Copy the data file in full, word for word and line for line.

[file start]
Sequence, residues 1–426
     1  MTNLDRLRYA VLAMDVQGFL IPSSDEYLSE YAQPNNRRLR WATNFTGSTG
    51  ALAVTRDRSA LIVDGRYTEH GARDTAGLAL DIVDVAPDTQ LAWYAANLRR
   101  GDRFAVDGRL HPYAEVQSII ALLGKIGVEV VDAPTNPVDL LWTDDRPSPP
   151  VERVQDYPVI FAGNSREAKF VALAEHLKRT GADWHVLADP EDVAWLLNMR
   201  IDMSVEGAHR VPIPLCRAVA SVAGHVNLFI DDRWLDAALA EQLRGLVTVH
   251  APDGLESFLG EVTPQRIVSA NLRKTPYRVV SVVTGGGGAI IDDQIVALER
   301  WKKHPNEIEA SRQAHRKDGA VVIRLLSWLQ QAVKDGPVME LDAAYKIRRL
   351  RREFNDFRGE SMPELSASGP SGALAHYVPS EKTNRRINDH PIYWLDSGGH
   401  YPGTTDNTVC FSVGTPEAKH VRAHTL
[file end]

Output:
Sequence, residues 1–426
     1  MTNLDRLRYA VLAMDVQGFL IPSSDEYLSE YAQPNNRRLR WATNFTGSTG
    51  ALAVTRDRSA LIVDGRYTEH GARDTAGLAL DIVDVAPDTQ LAWYAANLRR
   101  GDRFAVDGRL HPYAEVQSII ALLGKIGVEV VDAPTNPVDL LWTDDRPSPP
   151  VERVQDYPVI FAGNSREAKF VALAEHLKRT GADWHVLADP EDVAWLLNMR
   201  IDMSVEGAHR VPIPLCRAVA SVAGHVNLFI DDRWLDAALA EQLRGLVTVH
   251  APDGLESFLG EVTPQRIVSA NLRKTPYRVV SVVTGGGGAI IDDQIVALER
   301  WKKHPNEIEA SRQAHRKDGA VVIRLLSWLQ QAVKDGPVME LDAAYKIRRL
   351  RREFNDFRGE SMPELSASGP SGALAHYVPS EKTNRRINDH PIYWLDSGGH
   401  YPGTTDNTVC FSVGTPEAKH VRAHTL